Why the US was the last to ground troubled Boeing jets

Despite two deadly crashes in five months the US Federal Aviation Administration (FAA) and Boeing insisted on the airworthiness of the 737 Max. It wasn’t until the rest of the world grounded the plane that the US finally conceded.

Airplane manufacturers and airlines commonly base their decisions on passenger safety versus the companies’ economic interests. RT talked to analysts to look deeper into the issue and understand why it took the US so long to make the right decision.

Boeing is America’s most important exporter by value, so the company’s current problems are set to hit the US really hard, according to Alessandro Bruno, independent international affairs and aerospace industry analyst.

“Moreover, China, which is the second biggest market for Boeing outside the US, may use the current situation as leverage in trade talks with the White House,” the expert told RT.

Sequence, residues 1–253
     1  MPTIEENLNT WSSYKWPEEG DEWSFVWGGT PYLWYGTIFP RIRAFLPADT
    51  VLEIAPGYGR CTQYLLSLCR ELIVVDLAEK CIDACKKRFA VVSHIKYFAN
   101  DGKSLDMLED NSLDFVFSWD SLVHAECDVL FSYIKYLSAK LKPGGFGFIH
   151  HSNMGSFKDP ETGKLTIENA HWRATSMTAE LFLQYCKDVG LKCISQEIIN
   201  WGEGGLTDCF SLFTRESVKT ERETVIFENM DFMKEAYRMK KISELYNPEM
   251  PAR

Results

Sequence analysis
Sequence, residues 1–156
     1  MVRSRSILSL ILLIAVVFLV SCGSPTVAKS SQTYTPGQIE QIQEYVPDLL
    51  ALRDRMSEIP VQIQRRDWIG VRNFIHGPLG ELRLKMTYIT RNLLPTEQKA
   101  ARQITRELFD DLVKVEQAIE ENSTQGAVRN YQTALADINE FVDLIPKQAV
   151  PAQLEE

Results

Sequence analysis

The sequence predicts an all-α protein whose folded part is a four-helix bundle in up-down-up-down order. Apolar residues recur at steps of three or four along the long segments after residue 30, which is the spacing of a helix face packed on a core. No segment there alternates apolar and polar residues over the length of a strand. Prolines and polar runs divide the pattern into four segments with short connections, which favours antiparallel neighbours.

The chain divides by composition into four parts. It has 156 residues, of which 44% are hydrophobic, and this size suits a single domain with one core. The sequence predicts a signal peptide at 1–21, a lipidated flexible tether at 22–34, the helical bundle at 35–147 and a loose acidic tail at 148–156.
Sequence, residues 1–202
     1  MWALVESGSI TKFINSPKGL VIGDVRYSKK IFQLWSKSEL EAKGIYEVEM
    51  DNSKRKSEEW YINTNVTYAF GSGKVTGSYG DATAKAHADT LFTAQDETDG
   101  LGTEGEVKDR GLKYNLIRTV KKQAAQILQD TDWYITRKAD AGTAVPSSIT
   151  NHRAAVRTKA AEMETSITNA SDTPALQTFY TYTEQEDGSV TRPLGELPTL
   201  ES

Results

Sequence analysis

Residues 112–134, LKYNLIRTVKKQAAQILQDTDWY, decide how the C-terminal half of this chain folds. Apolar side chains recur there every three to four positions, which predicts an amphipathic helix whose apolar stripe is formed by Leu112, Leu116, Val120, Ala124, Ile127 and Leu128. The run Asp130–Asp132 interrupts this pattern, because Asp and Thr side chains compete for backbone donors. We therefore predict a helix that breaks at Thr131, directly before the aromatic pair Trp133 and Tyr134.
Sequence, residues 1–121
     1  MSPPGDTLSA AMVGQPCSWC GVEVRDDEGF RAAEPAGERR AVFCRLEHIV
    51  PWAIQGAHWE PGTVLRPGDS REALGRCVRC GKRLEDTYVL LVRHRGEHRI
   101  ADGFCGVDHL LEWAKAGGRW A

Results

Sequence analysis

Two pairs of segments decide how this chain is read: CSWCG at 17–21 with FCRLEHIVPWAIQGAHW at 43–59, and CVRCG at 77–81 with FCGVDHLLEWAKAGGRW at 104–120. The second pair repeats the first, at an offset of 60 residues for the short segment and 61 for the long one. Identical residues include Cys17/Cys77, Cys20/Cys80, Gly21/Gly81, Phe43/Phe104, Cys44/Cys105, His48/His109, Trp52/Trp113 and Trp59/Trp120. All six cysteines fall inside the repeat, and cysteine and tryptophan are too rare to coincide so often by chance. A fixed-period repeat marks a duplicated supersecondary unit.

The FAA was practically forced to ground the troubled jet after US President Donald Trump “surprisingly turned out to be the only adult in the room,” when he insisted on halting the use of the 737 Max 8 jet, according to Bruno.

“Boeing should have acted responsibly and pulled those planes out. Now they have to pay a lot more to fix the problem. They have to pay for the design and technical changes, which means several billions of dollars,” he said.

The decision was made under international pressure, as most of the world’s regulators had chosen to ground the jet, according to Pyotr Pushkarev, chief analyst at online broker with TeleTrade Group.

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